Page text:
Savannah Hulsey Pointer, FISM News
The day after the polls closed across the nation for off-year elections, Americans woke up with anticipation to see how the rest of the nation voted on the top issues of the day. Here are your headlines:
In the race that the entire nation had their eyes on, Republican Glenn Youngkin defeated Democratic incumbent Terry McCauliffe. This is seen as a huge win for Republicans as Virginia has recently been a firm Democratic stronghold, evidenced by Joe Biden winning the state by 10 points on his way to the presidency a year ago. As Democrats poured their support into the state, with high profile Democrats like former President Barak Obama and President Biden stumping for the candidate, it was seen as a bellwether election looking forward to midterm elections. FISM has further coverage of this important decision here.
Minneapolis voters took to the polls to say “no” to a ballot measure pushed by Rep. Ilhan Omar to do away with their police force and replace it with a new Department of Public Safety when they voted on Tuesday. Those in the city rocked by riots and protests after the murder of George Floyd rejected the idea to be progressive guinea pigs.
“Those who campaigned to keep the police department intact said it was too risky to go for a wholesale change in policing in the city, which is facing a crime wave,” US News said in their assessment. KNPR reported that approximately 56% of voters rejected the ballot question, citing concerns over rising crime.
New Jersey: Too Close to Call
Voters in the great state of New Jersey will have to wait to find out who will be the new governor of their state with NJ Spotlight News reporting that the governor’s race was too close to call and the ballots needed to be counted by hand.
Democratic incumbent Gov. Phil Murphy was challenged by Republican Jack Ciattarelli, who held a narrow lead going into the election, but both parties may be waiting as much as six days for mail-in ballots postmarked by Tuesday to be counted. Should those results still not define a clear winner, election officials will move on to provisional ballots.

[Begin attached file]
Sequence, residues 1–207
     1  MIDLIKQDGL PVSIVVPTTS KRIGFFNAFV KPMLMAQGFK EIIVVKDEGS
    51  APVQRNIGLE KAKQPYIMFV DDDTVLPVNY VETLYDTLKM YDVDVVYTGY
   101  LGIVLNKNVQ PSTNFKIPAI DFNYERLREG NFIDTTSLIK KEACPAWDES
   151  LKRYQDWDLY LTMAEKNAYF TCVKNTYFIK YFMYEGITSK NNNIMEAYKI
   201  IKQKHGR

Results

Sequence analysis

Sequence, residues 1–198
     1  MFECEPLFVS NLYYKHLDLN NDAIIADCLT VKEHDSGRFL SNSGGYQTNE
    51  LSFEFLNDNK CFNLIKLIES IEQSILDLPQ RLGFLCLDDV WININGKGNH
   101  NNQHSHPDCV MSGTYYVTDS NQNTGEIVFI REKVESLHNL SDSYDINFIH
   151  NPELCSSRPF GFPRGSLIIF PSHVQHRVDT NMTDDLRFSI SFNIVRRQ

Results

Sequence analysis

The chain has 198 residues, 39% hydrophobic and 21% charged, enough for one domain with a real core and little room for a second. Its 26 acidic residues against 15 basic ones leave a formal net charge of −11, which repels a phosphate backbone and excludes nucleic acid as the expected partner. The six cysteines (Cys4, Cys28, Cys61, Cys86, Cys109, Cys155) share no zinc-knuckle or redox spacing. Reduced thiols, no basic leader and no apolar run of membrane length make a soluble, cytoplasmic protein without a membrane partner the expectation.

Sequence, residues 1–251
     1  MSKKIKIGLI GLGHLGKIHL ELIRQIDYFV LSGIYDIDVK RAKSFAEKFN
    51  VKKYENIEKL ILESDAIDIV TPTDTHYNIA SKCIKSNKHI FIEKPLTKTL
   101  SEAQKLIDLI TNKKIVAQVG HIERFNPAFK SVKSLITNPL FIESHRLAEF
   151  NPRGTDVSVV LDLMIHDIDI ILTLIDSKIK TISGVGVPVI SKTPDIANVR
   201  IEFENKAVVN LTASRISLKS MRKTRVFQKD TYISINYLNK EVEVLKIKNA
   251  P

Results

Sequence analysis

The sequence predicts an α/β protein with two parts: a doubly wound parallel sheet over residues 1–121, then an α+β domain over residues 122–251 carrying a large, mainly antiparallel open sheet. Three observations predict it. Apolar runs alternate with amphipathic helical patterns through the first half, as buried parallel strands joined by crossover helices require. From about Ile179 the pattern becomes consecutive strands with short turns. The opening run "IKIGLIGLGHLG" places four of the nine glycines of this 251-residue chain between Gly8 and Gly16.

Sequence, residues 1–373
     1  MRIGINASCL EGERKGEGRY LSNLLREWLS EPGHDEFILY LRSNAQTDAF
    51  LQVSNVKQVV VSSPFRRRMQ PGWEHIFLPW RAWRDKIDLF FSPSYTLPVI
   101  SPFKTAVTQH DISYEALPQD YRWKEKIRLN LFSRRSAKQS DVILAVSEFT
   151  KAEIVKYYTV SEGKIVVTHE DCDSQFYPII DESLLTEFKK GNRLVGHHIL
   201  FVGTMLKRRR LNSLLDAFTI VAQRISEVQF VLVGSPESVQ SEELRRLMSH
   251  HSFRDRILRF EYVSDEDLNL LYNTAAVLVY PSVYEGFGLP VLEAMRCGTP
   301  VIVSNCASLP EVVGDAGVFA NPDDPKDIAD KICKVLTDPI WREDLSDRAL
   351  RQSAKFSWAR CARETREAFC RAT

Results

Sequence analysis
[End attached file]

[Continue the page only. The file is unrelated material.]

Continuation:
New Jersey does not have an automatic recount system in place. Should one of the candidates believe the results were unfair they would have to request the recount.
Major Mayoral Races – Boston:
Both New York and Boston have new Democrats in their mayoral seats as of Wednesday morning.
Michelle Wu broke the glass ceiling and a racial threshold when she became the first woman and the first Asian American to become Boston’s mayor. The Boston Globe reported that the progressive candidate received ringing endorsements from both the governor and Massachusetts Democratic Sen. Elizabeth Warren.
Governor Charlie Baker issued congratulations for her win on Twitter, calling her win “historic.”
Congratulations, Mayor Elect @wutrain on your victory!
It was a historic election in Boston and our Administration looks forward to working with you and your team to address the most pressing issues facing the city and the Commonwealth.
— Charlie Baker (@MassGovernor) November 3, 2021
Major Mayoral Races – New York City:
Former Chief of Police Eric Adams will be the new mayor of New York City as he takes the honor of being only the second Black person to be the city’s mayor. According to PBS’s report on the election, Adams took a “nuanced stance on law enforcement issues,” during the national unrest over police policies.
“His message on crime and his experience as a police officer largely insulated him from attacks from his Republican opponent Curtis Sliwa, the founder of the Guardian Angels anti-crime patrol,” the publication reported. The report went on to say that Adams experienced police violence as a teen and later, when became a law enforcement officer, he was vocally critical of the department he served in.
However, Adams did not run on a platform of defunding police or shifting its budget toward social programs.